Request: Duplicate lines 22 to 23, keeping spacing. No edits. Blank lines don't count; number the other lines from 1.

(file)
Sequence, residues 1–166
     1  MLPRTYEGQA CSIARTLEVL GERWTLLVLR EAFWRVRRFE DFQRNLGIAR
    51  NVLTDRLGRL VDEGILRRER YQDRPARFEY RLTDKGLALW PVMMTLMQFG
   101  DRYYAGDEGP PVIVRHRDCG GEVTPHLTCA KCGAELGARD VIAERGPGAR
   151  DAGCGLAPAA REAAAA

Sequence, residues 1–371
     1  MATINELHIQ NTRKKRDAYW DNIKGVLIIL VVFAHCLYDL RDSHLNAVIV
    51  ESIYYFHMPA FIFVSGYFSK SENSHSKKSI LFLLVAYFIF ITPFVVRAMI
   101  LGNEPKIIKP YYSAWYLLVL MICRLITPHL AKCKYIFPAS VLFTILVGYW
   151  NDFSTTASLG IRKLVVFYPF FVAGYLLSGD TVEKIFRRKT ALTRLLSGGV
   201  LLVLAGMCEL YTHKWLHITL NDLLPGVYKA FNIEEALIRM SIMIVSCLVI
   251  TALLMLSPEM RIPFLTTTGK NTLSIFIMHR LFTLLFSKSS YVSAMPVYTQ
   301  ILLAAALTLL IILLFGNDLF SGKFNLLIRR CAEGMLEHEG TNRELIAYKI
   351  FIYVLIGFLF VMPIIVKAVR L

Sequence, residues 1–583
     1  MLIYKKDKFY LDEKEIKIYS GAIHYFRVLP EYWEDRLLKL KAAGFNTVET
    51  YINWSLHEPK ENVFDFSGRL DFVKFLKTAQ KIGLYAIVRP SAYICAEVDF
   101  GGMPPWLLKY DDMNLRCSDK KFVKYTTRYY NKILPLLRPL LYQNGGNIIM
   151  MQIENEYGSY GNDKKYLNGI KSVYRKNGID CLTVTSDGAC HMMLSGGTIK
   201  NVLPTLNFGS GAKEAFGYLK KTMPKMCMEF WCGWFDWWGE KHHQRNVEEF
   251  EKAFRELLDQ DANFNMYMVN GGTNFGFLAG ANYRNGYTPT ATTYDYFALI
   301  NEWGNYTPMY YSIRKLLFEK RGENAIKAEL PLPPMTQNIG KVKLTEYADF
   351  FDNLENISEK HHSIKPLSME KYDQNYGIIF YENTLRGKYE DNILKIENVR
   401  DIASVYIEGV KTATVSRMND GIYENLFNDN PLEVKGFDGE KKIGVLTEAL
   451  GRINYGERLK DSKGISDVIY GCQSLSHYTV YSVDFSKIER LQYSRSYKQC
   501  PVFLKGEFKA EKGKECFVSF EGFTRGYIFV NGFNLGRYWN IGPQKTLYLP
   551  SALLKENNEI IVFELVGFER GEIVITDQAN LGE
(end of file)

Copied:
   301  NEWGNYTPMY YSIRKLLFEK RGENAIKAEL PLPPMTQNIG KVKLTEYADF
   351  FDNLENISEK HHSIKPLSME KYDQNYGIIF YENTLRGKYE DNILKIENVR